Wednesday, May 28, 2008

SCRG and school prayer


South Carolinians for Responsible Government has made themselves the self proclaimed watchdog of the conservative movement in South Carolina. The group and its various offspring, allies, and operatives are engaged in telling South Carolina voters who is a conservative and who is not.

Yet, it is unclear where the group stands on one of the bedrocks of South Carolina conservatism: school prayer. Their website, which espouses an agenda being spread nationwide, seems to leave the issue untouched.

Perhaps there is a reason. The current communications director, Neil Mellen, is an award winning fighter against prayer in public schools. Just five years ago, the communications guy won an award from Freedom from Religion Foundation for his work against the mess hall prayer at the Virginia Military Institute. The link to the award can be found at: http://www.ffrf.org/fttoday/2003/oct/index.php?ft=mellen,

Now, Mr. Mellen certainly had a right to support his point of view. No one contends that. However, the fact that he is working for a group that now supports so called school choice and appeals to people’s religious beliefs in doing so is notable. Are parents who want assistance in getting their children religious school education really getting what they think they are from SCRG? As stated in an earlier post, there is the possibility that SCRG’s position, if it came to fruition, could result in quasi-public schools, such as with higher education. Would they fight to ban mess hall and other prayers then if public money was involved?

Again, this is nothing personal against SCRG or its communications director. However, if the group is to be what it aspires to be, the arbitrator of who is conservative and who is not, it ought to make clear its stand on school prayer. For many South Carolina Republican voters can live with their children in public schools if their kids were free to bow their heads in prayer or a moment of silence. But, those same voters will be outraged if a system is created where lawsuits create an atmosphere that even in private schools getting public money, their children could not bow their heads.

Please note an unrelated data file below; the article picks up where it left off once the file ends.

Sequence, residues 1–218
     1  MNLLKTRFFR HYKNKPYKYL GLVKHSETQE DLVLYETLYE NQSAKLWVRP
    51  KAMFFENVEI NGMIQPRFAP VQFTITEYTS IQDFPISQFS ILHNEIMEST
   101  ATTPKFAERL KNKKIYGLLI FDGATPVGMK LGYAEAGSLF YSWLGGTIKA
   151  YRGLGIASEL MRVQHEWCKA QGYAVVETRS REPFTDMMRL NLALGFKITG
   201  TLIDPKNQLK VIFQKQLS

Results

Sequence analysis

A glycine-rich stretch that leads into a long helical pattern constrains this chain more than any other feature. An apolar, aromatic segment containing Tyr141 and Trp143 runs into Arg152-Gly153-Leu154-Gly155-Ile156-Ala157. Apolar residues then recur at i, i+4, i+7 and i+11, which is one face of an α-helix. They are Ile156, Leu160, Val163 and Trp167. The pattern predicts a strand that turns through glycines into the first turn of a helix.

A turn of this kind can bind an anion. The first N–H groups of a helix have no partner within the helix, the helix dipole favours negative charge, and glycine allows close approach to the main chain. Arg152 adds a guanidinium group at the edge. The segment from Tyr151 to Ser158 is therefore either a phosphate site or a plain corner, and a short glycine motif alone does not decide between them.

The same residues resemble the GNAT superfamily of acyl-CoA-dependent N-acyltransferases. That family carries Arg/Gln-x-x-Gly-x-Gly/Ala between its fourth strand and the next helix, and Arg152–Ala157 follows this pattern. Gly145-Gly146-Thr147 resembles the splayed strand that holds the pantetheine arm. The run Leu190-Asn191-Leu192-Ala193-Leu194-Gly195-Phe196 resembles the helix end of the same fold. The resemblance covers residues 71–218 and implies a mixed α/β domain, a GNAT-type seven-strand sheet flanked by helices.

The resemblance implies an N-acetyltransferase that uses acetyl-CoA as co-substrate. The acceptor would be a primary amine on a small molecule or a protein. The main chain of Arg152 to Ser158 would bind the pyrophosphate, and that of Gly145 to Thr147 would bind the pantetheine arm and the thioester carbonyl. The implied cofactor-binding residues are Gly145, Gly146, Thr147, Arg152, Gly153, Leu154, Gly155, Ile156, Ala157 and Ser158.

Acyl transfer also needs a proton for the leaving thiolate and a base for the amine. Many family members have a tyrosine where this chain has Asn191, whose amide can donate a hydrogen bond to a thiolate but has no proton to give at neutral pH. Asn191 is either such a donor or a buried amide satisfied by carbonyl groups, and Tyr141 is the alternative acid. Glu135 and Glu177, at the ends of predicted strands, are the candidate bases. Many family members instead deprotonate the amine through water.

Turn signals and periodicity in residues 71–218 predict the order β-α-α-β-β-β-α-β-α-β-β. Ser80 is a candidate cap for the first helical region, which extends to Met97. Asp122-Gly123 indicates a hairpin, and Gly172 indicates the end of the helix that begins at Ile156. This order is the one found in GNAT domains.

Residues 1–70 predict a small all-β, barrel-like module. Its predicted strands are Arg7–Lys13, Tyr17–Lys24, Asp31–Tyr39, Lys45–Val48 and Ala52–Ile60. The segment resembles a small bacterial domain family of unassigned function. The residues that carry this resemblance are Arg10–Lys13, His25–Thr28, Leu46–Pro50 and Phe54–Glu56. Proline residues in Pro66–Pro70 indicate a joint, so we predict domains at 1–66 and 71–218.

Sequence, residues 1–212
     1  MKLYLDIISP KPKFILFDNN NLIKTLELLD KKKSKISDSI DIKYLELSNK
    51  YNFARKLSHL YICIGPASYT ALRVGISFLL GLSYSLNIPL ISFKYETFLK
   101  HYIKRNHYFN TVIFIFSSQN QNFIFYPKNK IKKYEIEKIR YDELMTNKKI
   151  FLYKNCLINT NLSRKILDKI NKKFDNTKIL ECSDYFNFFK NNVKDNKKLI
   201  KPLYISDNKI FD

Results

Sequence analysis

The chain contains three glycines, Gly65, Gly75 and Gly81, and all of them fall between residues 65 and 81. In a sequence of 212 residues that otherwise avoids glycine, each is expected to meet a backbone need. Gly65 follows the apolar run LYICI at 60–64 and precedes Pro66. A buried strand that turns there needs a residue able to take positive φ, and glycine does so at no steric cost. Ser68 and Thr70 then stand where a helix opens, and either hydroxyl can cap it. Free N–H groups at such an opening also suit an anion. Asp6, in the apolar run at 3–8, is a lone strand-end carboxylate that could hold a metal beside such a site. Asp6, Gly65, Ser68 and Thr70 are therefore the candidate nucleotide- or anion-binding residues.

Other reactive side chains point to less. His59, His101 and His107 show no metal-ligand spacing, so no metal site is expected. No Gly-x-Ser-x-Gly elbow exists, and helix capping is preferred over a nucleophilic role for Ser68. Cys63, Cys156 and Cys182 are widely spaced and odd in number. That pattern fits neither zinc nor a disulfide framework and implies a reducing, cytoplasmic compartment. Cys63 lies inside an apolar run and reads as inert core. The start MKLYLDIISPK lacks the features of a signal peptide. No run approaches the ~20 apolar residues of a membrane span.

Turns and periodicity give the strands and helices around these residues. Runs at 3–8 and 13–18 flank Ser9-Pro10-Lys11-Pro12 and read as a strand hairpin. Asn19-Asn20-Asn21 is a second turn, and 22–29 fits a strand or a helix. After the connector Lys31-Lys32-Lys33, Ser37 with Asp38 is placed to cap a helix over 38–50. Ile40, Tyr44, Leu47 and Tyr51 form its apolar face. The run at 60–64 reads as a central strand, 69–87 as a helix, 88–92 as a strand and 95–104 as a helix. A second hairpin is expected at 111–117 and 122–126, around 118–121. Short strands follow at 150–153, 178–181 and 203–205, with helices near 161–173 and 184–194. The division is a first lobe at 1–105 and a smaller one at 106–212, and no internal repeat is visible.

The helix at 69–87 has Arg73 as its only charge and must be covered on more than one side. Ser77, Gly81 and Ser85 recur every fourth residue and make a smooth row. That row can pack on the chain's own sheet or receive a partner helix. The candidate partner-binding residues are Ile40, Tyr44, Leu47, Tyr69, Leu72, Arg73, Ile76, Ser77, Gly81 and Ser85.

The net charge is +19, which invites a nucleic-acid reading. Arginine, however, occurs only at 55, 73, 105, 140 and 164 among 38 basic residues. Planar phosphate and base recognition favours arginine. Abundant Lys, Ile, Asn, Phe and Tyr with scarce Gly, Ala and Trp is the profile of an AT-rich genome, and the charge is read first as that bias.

You won’t read the above in a slick, clever mail out, but it is something to think about before you let SCRG be the decision maker for you at the polls.

7 comments:

  1. AnonymousMay 28, 2008

    What are you suicidal or something? Do you know what this kind of post means to your future?

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  2. AnonymousMay 28, 2008

    Wow.You declared war on this post. I hope you are ready fot it.

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  3. AnonymousMay 28, 2008

    You are hardly saying that prayer in public schools is okay, are you? I pray not.

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  4. AnonymousMay 28, 2008

    You must be joking.
    SCRG needs to clarify their position on school prayer? Oh No! Help! Get the President on the phone! SCRG hasn't been clear about their stance on school prayer!!!

    Get real. What's going to be your next warning to the voters? Maybe you can expose SCRG's secret agenda on school uniforms?

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  5. very interesting information there, mr. mccarty. you certainly did your homework.

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  6. "For many South Carolina Republican voters can live with their children in public schools if their kids were free to bow their heads in prayer or a moment of silence"

    If this were the case, it might be outrageous, but it's not. It's only when prayer is sanctioned by the school is it a problem. I'm not sure if you are trying to distinguish between "South Carolina conservatives' versus any old conservative, but it seems to me that keeping religion out of public schools would be a fundamentally conservative idea, the more separation there is between religion and government, the better for religion to thrive and prosper without any kind of entanglement with government.

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  7. One of the reason so many families in South Carolina want out of the public schools is the strong values they hold, and the threat they see in state power against them. Look at the UK: state sanctioned religion has eroded real personal faith. Good on Mellen for fighting back.

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